Morning Brief

Foreign Policy’s flagship daily newsletter with what’s coming up around the world today. Delivered weekdays.

Hong Kong’s Leader Heads to Beijing

Plus: Austria’s Kurz wins snap election, the U.S. whistleblower will testify, and what to watch in the world this week.

By Audrey Wilson, an associate editor at Foreign Policy.
Pro-democracy protesters clash with police during a march on Sept. 29 in Hong Kong.
Pro-democracy protesters clash with police during a march on Sept. 29 in Hong Kong. Chris McGrath/Getty Images

Here is today’s Foreign Policy brief: Hong Kong leader Carrie Lam heads to Beijing after a violent weekend, U.S. lawmakers will hear from the whistleblower who prompted an impeachment inquiry into President Trump, and what to watch in the world this week.

We welcome your feedback at morningbrief@foreignpolicy.com.


Hong Kong’s Leader Heads to China After Violent Weekend

Hong Kong leader Carrie Lam heads to Beijing today, where she will join Tuesday’s celebrations marking China’s National Day—the 70th anniversary of the People’s Republic of China. Lam has been the target of weeks of pro-democracy demonstrations that began as protests against a controversial extradition bill to send suspects to China. Lam has the support of Beijing.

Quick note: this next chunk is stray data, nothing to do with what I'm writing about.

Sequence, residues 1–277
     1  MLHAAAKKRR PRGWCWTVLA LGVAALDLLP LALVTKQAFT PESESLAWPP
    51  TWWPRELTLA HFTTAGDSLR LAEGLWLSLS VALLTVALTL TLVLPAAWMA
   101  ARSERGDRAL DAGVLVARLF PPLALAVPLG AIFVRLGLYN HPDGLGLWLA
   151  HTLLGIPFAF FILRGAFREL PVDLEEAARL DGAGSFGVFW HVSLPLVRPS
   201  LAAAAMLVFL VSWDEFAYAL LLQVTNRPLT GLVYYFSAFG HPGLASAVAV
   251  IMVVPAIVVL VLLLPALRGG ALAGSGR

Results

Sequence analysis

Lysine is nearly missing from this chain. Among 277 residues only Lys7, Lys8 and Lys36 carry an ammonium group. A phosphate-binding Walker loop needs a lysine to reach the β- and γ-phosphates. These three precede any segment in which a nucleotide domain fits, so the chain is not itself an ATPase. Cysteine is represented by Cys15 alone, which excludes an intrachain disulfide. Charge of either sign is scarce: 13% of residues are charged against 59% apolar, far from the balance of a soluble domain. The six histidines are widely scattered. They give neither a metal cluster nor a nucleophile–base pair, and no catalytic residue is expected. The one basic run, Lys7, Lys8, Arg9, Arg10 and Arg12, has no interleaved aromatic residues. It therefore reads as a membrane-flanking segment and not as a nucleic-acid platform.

Ahead of her departure, protesters crowded Hong Kong’s shopping districts on Sunday in a direct challenge to Beijing. Activists clashed with police in some of the most violent unrest since the movement started in June. The police fired tear gas and water cannons as some protesters set fires and threw Molotov cocktails. The city’s local authorities have faced pressure to stop the protests from overshadowing China’s Oct. 1 anniversary.

Why isn’t Lam staying in Hong Kong? The chief executive had previously sent out invitations for a National Day ceremony in Hong Kong, but now another official will stand in. Lam will return to the city on Tuesday night by land—to avoid encountering a protest at the airport. “In these three months, Carrie Lam has not really cared about the protesters,” one demonstrator told Reuters. “She only cares about the CCP or what we might call ‘her boss.’”